Aristobulus II
The Lexham Bible Dictionary
Aristobulus II
Aristobulus II (Ἀριστόβουλος, Aristoboulos). The younger son of Alexander Jannaeus and Salome Alexandra. A Hasmonean king and high priest who reigned in Judaea from 67–63 bc.
The Anchor Yale Bible Dictionary
Aristobulus (Person)
ARISTOBULUS (PERSON) [Gk Aristoboulos (Ἀριστοβουλος)]. Several significant people in ancient and sacred history. It is a common Greek name meaning “best counselor.” See also ARISTOBULUS (OT PSEUDEPIGRAPHA).1. Greek historian who accompanied Alexander the Great on his campaigns. At 85 years of age he
The International Standard Bible Encyclopedia, Revised
Aristobulus (nephew of Aristobulus)
2. Nephew of 1. He dethroned his mother Alexandra (69 b.c.), and forced his brother Hyrcanus to renounce the crown and mitre in his favor. In 64 b.c. Pompey came to Palestine and supported the cause of Hyrcanus. Aristobulus was defeated and taken prisoner, and Hyrcanus was appointed ethnarch in 63 b.c.
Eerdmans Dictionary of the Bible
Aristobulus (Gk. Aristóboulos)1. Aristobulus I, the eldest son of John Hyrcanus; also called Judas (Yehuda). According to Josephus he was the first of that dynasty to claim the title of king. While Hyrcanus had transferred authority over the realm to his wife, Aristobulus seized the throne, imprisoning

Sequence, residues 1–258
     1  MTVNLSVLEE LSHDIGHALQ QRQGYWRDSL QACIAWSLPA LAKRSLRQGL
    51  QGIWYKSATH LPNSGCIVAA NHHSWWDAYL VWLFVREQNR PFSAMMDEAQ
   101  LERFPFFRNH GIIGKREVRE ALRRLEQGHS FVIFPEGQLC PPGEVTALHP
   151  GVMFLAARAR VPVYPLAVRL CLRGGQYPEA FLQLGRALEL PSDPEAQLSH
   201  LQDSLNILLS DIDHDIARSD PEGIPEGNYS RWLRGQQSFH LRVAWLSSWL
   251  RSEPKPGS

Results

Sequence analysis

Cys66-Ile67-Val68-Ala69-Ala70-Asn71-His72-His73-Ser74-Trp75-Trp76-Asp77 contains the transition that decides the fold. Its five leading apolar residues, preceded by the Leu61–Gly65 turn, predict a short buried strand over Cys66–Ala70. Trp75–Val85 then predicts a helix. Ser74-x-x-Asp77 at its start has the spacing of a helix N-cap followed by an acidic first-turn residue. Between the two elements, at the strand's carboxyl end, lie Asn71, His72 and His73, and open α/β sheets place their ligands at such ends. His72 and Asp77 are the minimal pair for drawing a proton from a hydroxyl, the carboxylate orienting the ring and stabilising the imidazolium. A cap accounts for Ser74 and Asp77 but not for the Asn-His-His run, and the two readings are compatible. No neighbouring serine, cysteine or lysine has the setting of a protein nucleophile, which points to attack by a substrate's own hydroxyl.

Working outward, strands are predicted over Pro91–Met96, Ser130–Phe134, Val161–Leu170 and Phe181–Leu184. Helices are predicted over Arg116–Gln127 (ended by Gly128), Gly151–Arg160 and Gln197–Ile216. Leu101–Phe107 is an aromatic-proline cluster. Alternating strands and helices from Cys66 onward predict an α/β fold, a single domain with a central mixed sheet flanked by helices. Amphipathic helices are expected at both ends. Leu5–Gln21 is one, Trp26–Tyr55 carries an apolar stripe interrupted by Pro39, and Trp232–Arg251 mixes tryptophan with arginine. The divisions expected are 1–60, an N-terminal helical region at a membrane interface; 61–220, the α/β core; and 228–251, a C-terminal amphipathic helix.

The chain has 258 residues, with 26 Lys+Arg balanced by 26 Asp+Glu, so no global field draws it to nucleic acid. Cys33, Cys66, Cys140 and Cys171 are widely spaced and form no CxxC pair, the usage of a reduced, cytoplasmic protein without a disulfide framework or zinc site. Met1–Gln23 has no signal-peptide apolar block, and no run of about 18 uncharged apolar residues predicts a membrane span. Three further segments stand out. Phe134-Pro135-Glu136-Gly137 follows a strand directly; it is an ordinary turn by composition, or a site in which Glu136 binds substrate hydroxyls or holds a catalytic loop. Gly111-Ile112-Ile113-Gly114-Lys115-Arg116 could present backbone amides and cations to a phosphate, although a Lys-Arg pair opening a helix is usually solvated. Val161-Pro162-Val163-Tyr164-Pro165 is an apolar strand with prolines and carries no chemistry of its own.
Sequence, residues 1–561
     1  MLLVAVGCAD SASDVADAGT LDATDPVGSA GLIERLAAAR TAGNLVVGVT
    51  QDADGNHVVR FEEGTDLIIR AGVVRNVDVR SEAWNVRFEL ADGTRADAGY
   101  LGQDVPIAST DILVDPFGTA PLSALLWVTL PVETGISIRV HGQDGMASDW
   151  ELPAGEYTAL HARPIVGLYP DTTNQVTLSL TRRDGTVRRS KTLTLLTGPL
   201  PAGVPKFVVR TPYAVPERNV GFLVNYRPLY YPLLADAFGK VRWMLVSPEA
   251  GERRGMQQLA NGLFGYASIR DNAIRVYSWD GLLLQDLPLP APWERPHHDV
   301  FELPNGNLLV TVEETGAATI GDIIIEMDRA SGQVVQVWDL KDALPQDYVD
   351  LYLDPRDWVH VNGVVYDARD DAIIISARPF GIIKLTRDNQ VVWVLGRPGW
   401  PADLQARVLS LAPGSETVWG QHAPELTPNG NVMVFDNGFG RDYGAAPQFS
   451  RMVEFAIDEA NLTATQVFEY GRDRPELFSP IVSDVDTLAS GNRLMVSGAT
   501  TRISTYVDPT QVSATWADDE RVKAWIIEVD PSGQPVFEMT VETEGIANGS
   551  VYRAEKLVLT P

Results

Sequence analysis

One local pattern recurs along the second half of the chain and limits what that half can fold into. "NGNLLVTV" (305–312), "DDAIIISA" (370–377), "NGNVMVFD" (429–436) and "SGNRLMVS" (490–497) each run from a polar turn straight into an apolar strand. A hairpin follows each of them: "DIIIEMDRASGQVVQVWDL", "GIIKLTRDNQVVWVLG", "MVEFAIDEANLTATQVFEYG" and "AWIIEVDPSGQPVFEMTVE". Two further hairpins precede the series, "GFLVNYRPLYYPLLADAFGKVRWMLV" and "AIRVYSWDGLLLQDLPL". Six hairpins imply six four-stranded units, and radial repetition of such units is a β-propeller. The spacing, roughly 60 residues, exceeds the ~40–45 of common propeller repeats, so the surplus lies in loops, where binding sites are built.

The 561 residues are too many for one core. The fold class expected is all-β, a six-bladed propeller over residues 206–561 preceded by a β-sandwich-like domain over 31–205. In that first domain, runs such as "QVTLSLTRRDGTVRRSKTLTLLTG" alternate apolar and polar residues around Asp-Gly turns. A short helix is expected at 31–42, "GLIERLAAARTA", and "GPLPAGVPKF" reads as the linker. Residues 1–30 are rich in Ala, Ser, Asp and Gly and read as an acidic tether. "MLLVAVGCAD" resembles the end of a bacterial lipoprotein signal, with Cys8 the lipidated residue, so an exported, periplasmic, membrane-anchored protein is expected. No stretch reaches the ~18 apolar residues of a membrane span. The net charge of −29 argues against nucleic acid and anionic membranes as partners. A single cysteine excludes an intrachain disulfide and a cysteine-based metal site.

Ecclesiastical Dictionary: Containing, in Concise Form, Information upon Ecclesiastical, Biblical, Archæological, and Historical Subjects
Aristobolus.—Name of princes and high-priests of the Jews. Aristobolus I. Son of John Hyrcanus, and King of Judea (106–105 b.c.). His Hebrew name was Judah. Aristobolus II.—Son of Alexander Jannæus; died about 48 b.c. Aristobolus III.—A Jewish prince, who was made high-priest by Herod I. Herod had him
All the People in the Bible: An A–Z Guide to the Saints, Scoundrels, and Other Characters in Scripture
Hyrcanus II (69 and 63 BCE) and Aristobulus II (69–63 BCE)
Hyrcanus II (69 and 63 bce) and Aristobulus II (69–63 bce)The lives of the two brothers Hyrcanus II and Aristobulus II are so intricately intertwined that it is more reasonable to deal with them together than to tell the same story twice. Neither is mentioned in the Bible or Apocrypha, but their contests
Aristobulus [ar-uh-stob-yoo-lus] (Ἀριστόβουλος, “Best Counsel”) (1) a teacher of Ptolemy to whom Judas Maccabeus wrote letters (2 Macc. 1:10) (2) Judas Aristobulus I, the oldest son of John Hyrcanus and the first to call himself king of Judea (reigned one year, 104–103 bce); not mentioned by name
The New Interpreter’s Dictionary of the Bible, Volumes 1–5
5. Hyrcanus II and Aristobulus II (67–63 BCE)
5. Hyrcanus II and Aristobulus II (67–63 bce)We now enter a period of four years during which the two Hasmonean brothers fought for control of the Jewish throne. Hyrcanus took up the rulership of Judah as soon as his mother died, but only for a short time. Aristobulus quickly attacked and defeated him;
See also